TBS is one of the three planned Integrated Transport Terminals (ITT) of Kuala Lumpur, and the only one currently in operation. Originally intended to be the bus terminal serving southbound buses, TBS gradually took over bus operations for East Coast-bound and northbound buses from older city bus terminals. The other two ITTs, located at Gombak and Sungai Buloh, are in planning stages and will eventually become the main bus terminals for East Coast-bound and northbound buses respectively.[6]

History

TBS was built to relieve the heavily congested Pudu Sentral bus station (formerly and still commonly known as Puduraya) located in the city centre. Initially planned to be the bus station serving southbound express buses, the long-term plan was TBS eventually taking over the remaining express buses at Pudu Sentral, as well as East Coast-bound buses at Hentian Putra and Pekeliling bus stations. It was expected that Pudu Sentral would remain as a city bus station only.[7]

TBS opened for service on 1 January 2011, taking over southbound long-distance bus operations from Pudu Sentral.[8] The ceremonial official opening by the Prime Minister Najib Tun Razak was on 14 April 2013.

Hentian Putra ceased operations on 1 December 2014, with its East Coast-bound bus services moved to TBS.[9]

On 1 November 2015, 545 of the 635 northbound bus operations at Pudu Sentral were moved to TBS, completing the replacement of Pudu Sentral by TBS as the city's main express bus terminal. Pudu Sentral remains in use as a terminal for short-distance buses and stage buses.[10][11]

Location and facilities

Inside the terminal

TBS is located approximately 10 km south of KL city centre relieving and bypassing road congestion in the city centre. The proximity of TBS to the Middle Ring Road 2 and Besraya Expressway gives easy access to Malaysia's expressway network.[12]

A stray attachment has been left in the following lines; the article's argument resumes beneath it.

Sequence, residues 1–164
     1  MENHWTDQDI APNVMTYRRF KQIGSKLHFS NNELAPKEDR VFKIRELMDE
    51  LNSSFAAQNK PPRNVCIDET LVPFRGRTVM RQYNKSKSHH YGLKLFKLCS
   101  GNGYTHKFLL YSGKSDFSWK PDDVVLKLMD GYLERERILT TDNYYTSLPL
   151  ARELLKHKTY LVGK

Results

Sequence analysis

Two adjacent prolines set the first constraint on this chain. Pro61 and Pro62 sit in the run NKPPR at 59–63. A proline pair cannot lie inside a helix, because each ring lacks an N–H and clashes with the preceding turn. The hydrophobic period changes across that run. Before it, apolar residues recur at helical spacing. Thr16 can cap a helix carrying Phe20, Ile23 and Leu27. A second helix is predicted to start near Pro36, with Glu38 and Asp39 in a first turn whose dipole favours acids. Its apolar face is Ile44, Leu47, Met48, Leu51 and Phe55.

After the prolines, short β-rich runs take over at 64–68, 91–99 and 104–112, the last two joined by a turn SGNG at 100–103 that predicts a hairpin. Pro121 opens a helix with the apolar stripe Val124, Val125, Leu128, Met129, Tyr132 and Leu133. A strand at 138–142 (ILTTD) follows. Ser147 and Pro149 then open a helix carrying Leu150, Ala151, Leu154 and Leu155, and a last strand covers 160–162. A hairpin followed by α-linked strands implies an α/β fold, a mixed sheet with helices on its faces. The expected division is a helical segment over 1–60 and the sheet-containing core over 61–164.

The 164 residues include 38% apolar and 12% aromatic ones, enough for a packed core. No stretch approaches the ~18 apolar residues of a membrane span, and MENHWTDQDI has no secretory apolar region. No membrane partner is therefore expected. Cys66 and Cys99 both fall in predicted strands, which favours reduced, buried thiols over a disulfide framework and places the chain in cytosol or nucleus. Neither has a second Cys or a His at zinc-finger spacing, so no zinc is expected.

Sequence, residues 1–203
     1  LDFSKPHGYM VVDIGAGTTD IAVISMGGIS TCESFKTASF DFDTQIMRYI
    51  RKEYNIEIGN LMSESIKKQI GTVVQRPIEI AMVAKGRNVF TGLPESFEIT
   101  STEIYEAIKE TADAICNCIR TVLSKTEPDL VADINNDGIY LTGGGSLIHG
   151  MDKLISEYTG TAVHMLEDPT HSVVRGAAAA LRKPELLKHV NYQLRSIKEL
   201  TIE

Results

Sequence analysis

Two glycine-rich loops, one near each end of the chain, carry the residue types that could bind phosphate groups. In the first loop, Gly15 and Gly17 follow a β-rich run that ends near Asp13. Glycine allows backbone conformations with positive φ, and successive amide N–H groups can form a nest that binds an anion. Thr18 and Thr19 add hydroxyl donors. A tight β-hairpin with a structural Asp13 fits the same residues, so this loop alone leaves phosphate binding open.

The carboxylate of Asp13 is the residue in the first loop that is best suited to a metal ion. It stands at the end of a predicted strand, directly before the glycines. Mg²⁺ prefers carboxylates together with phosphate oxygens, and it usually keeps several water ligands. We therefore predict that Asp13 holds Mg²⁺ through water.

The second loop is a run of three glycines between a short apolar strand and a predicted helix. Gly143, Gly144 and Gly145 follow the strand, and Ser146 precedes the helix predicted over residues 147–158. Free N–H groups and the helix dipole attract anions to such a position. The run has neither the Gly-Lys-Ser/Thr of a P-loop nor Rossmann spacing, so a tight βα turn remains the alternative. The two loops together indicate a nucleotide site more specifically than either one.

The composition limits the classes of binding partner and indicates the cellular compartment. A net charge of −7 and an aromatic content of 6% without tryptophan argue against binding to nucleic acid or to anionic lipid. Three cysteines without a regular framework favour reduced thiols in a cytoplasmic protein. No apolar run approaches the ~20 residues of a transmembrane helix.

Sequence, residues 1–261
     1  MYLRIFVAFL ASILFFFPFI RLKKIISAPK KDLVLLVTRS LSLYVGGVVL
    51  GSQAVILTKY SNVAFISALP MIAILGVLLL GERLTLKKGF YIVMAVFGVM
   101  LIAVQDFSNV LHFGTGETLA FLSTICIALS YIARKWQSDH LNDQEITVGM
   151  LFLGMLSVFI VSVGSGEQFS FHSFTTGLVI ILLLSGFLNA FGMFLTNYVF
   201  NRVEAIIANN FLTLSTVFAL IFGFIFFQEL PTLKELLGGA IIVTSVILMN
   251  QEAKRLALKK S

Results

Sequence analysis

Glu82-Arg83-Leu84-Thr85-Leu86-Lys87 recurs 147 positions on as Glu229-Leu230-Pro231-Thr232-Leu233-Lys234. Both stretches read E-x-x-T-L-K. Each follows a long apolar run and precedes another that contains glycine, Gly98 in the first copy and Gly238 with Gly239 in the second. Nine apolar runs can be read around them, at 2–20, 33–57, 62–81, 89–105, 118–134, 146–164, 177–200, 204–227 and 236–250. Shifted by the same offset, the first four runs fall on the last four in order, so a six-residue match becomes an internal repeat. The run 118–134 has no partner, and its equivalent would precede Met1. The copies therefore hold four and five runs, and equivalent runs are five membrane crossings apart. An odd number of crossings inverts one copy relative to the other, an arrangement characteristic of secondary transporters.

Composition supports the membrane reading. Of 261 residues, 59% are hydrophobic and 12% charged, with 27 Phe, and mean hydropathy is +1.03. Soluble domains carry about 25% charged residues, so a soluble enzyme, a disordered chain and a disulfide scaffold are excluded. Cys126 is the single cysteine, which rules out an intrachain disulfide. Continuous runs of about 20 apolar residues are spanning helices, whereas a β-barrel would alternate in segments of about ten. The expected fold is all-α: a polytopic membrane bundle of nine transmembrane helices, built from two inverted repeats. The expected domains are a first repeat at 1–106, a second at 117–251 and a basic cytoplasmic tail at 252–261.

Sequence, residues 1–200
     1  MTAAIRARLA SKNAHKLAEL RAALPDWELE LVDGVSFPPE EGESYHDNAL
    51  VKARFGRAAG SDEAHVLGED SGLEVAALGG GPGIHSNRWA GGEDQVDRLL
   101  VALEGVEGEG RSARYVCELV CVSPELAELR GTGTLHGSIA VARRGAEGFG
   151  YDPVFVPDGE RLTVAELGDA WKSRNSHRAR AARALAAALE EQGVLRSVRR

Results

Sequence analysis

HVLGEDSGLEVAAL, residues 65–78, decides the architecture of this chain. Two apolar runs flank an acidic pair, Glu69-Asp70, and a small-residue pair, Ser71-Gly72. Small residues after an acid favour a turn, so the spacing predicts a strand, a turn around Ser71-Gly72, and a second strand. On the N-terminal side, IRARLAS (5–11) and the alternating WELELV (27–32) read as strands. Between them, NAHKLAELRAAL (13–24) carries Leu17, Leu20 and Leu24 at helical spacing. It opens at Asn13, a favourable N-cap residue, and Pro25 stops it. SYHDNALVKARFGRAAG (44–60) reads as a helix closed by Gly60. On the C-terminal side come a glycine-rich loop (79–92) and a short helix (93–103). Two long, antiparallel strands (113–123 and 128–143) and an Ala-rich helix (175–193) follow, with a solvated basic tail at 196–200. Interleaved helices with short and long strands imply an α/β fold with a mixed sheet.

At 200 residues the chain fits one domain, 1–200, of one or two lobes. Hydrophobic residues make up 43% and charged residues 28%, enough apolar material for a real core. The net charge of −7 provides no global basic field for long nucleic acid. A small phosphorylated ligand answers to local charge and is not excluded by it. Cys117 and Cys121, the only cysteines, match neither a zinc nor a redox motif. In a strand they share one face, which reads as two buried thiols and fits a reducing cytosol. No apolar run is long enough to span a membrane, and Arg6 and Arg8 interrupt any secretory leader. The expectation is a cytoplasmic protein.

The terminal has 60 bus platforms, 150 taxi bays and 1,000 parking bays.[12] The terminal is fully accessible and equipped with amenities such as ATMs, baby care rooms, luggage trolleys and luggage storage.[13] Shopping and dining options are available.[14]

The terminal ticketing facilities feature:-

  • 41 Centralised Ticketing System (CTS) counters manned by staff from the terminal operator Maju TMAS
  • seven ticket vending machines.

The system is set up to deter touting.[15]

The departure hall is divided into three sections. Only ticket holders are allowed into the departure hall. They are required to go through an auxiliary police security checkpoint.[15][16]

Designed to handle 5,000 bus trips a day at maximum capacity, TBS handled about 1,300 bus trips daily as of October 2015, prior to the shift of northbound bus operations from Pudu Sentral.[11] As of December 2015, the terminal serves 52,000 travellers per day.[15]

Management

The current operator of TBS is Maju Terminal Management Services Sdn Bhd (Maju TMAS). Maju TMAS is a member company of Maju Holdings Berhad.[17]

See also

References

  1. ^ a b KL Transit map, Jan 2015
  2. ^ TBS BTS; website
  3. ^ "Locations". Retrieved 13 August 2017.
  4. ^ "Additional Service For Early Birds" (PDF). Archived from the original (PDF) on 27 December 2016. Retrieved 27 December 2016.
  5. ^ TBSBTS; Official website; accessed March 2019
  6. ^ "Integrated Transport Terminal (ITT) Gombak". Land Public Transport Commission of Malaysia. Retrieved 6 October 2016.
  7. ^ Lee Yuk Peng (21 May 2009). "Steps to improve KL transport service". The Star.
  8. ^ BERNAMA - Bandar Tasik Selatan Integrated Transport Terminal To Open in 1 January (Retrieved on 27 April 2011)
  9. ^ "Relocation of Express Bus Services from Hentian Bas Putra to Terminal Bersepadu Selatan Effective 1st December 2014". Land Public Transport Commission of Malaysia. 21 November 2014. Retrieved 27 March 2016.
  10. ^ "Northbound buses to operate from Bandar Tasik Selatan terminal effective Nov 1". The Sun Daily (Malaysia). 20 October 2015. Retrieved 27 March 2016.
  11. ^ a b "Express buses leaving Puduraya". The Star (Malaysia). 21 October 2015. Retrieved 27 March 2016.
  12. ^ a b Chok Suat Ling (13 July 2008). "Cut the highways, look into buses, LRT". The New Straits Times. Archived from the original on 13 July 2008. Retrieved 13 July 2008.
  13. ^ "Facilities". Terminal Bersepadu Selatan official website. Retrieved 27 March 2016.
  14. ^ "Dine & Shop". Terminal Bersepadu Selatan official website. Retrieved 27 March 2016.
  15. ^ a b c Nair, Vijenthi (10 December 2015). "No ordinary bus terminal". The Star (Malaysia). Retrieved 27 March 2016.
  16. ^ "Departure Lounge". Terminal Bersepadu Selatan official website. Retrieved 27 March 2016.
  17. ^ Bandar Tasik Selatan integrated transport terminal to open (Retrieved on 27 April 2011)

External links